When I was a hospice chaplain . . .
The room reminded me of childhood visits to my father’s mother.
As a child, I hated trips to that grandmother’s home, where it always seemed warm and stuffy. Why couldn’t she open a window or a door? Was that asking too much? Fortunately, in the selfishness of my childish view, Mom and my paternal grandmother didn’t get along. Visits to Dad’s side of the family were infrequent and brief . . . and leaving literally felt like a breath of fresh air as I scampered outside, racing for the car.
Years later, when serving as a hospice chaplain, I entered the home of one of my patients. As an adult, I understood why the elderly kept rooms warm, especially in the fall and winter times. They don’t have the same high-energy, heat-producing capacity of fidgety grandkids. Senior citizens, especially those with cancer, can be more vulnerable to temperature.
So I sat in the warmth, with no interest in escaping, and listened to the patient and her husband in their cozy living room. Unlike prior visits, I sensed something new unfolding for her. It was as if the house’s windows and doors inched open. Wind swirled through.
The patient’s husband volunteered that she didn’t fear dying because she “loved the Lord.” But, sometimes, she felt afraid.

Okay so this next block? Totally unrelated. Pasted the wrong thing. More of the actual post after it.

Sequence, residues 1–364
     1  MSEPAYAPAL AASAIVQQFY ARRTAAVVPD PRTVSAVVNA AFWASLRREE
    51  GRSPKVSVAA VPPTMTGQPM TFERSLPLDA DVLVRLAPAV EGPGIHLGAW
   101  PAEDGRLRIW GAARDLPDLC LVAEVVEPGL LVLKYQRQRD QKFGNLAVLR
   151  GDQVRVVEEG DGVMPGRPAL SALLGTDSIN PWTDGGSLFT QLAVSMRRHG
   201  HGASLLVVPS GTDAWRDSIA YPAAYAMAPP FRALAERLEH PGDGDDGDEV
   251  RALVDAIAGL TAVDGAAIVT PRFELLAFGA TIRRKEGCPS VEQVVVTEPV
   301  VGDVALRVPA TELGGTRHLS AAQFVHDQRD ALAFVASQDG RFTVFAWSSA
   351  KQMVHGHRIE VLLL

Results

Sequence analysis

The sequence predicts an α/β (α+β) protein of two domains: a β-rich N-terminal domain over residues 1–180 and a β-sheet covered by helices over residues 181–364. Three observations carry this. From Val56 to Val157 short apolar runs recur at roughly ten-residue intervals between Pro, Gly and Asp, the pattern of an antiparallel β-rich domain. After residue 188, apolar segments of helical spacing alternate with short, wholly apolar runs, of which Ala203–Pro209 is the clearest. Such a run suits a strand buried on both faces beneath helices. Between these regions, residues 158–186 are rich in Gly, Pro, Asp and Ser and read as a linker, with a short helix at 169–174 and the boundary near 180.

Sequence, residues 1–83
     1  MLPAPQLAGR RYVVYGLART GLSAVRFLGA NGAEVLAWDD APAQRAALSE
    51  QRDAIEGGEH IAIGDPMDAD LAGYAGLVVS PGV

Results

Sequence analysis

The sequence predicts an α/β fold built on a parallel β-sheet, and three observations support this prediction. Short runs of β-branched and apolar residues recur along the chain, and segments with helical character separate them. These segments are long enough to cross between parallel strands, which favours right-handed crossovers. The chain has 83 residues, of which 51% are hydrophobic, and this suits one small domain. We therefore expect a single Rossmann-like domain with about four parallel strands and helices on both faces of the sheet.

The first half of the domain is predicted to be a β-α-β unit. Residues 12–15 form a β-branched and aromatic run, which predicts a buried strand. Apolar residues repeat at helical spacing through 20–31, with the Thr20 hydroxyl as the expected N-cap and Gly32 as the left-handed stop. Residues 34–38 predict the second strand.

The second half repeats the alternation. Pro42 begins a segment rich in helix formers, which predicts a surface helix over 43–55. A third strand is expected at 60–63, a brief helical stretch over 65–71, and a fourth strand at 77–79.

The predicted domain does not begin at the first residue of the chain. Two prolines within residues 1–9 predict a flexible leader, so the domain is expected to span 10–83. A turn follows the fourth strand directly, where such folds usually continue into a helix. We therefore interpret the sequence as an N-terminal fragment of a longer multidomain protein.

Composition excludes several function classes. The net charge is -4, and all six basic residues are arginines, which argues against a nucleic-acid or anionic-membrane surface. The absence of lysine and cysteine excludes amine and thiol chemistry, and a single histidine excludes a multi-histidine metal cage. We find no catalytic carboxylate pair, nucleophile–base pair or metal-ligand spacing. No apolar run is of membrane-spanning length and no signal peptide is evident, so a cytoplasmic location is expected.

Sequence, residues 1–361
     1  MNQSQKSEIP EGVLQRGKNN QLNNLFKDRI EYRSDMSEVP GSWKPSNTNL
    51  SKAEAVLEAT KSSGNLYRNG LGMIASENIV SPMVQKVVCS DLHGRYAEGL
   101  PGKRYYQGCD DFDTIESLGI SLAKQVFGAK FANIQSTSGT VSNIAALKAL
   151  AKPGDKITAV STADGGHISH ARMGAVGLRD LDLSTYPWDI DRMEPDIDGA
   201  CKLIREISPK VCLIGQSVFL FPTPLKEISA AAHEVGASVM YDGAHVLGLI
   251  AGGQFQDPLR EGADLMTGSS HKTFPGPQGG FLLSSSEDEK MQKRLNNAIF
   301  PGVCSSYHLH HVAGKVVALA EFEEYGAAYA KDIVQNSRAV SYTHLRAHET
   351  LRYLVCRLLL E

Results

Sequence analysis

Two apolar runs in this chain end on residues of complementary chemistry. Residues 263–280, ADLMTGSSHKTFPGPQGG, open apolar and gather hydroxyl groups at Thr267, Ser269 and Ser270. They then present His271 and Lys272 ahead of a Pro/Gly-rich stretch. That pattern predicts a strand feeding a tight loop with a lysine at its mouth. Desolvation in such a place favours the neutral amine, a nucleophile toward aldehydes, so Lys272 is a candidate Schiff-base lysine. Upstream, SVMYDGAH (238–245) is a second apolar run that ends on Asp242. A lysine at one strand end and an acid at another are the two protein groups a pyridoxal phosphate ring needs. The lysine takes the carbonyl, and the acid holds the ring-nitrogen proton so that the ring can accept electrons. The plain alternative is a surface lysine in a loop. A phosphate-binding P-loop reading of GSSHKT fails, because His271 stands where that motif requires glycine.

“Why?” I asked. No more. No less. A nudge.
Dying and trusting God buffeted against a lifetime of struggle with her children. Would they grow to trust God like she had? Or had she failed to provide them an example of faith? As the wind of honesty swirled through the enclosed room, she talked of her failures, of how she had hurt the children by her actions. Then, as I remained silent, she shared about progress with several of the children. She had confided her fears with them. They reassured her that she hadn’t failed them. She talked of experiencing forgiveness, of speaking aloud the powerful words, “I love you.” And of hearing those words returned. But what about the rest of the children in her large family? Unsettledness remained with the others.
I invited her, especially with the holidays approaching, to be selfish . . . but not in a childish way. Sometimes, selfishness becomes most selfless gift.
“At Thanksgiving,” I suggested, “when the children arrive, ask to spend time with those you still need to talk with.”
Too often we think the words, but don’t speak them. We don’t want to disturb the other, or we’re afraid the right words won’t be the ones spoken aloud. Before I left, we prayed. Each child’s name was mentioned. When I opened my eyes from the prayer, I saw her tears. Her cheeks glistened, like morning dew on a hillside, like traces of haze as an autumn day cleared.
And then it was time for me to leave.
Madeleine L’Engle wrote, “Only a human being can say I’m sorry. Forgive me. This is part of our particularity. It is part of what makes us capable of tears, capable of laughter.”
Outside, as in her home, I breathed fresh air.
Sometimes, the winds blow from within. But we can never predict how or when the movement of fresh air and renewed spirits will occur. And yet, just maybe, we can hitch our sails and ride along on the wind’s healing movement as we share with another.
(Like all medical fields, hospice vigorously protects a patient’s privacy. I’ll take care with what and how I share about my experiences. Names will be changed and some events combined and/or summarized.)by